"I worry all the time about their losing their jobs," a friend writes about her two sons and their wives, all somewhere in their late 30s and early 40s. "They are doing well but the fields they are in could implode any minute."
The problem: They need two incomes to maintain their lifestyle, and the pressures on them in the modern-day workforce are immense. One daughter-in-law's job expects her to be available 24/7--or night and day as we used to say. "She's on a 24-hour cycle--emails and text messages all day and night," my friend continues. "On the weekend. if she doesn't answer, she could be fired. If she does, she ruins her weekend." Either way, it puts pressure on the marriage, on child rearing and on my friend's relationship with her DIL.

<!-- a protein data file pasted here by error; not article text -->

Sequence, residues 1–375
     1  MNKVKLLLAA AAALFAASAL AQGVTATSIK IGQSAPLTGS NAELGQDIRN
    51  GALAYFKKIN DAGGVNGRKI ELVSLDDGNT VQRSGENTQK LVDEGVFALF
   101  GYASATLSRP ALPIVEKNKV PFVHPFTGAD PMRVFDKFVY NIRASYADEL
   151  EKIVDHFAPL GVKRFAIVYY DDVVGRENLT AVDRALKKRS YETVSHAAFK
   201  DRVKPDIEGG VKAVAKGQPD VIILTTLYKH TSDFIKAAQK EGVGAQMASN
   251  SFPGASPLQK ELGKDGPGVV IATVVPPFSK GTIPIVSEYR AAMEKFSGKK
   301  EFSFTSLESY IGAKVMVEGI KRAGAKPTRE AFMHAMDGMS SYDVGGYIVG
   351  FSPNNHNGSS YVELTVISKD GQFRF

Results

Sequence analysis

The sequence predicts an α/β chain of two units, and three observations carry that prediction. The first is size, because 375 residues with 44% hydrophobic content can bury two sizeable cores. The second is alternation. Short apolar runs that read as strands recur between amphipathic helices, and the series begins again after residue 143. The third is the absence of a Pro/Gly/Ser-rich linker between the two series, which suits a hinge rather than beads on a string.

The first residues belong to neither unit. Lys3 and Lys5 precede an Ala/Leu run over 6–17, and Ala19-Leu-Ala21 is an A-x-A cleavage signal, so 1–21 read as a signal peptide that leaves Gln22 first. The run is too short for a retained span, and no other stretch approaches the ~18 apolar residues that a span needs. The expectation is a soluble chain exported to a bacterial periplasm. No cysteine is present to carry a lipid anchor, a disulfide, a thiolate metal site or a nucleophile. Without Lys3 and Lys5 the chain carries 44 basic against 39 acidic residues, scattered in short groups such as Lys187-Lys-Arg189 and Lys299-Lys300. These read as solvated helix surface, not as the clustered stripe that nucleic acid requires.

Although she wishes there were a way to ease the stress for her grown children, all the understanding in the world doesn't ease the pain when she sees how tense her son's relationship with his wife has become.
Neither my friend nor I remember this kind of pressure when we were at the heights of our careers. Certainly, texting and 24-hour communication wasn't as readily available. Maybe there would be sniping in the marriage anyway. But the complications of 24/7 jobs seem to make things worse. For them--and by extension--for us.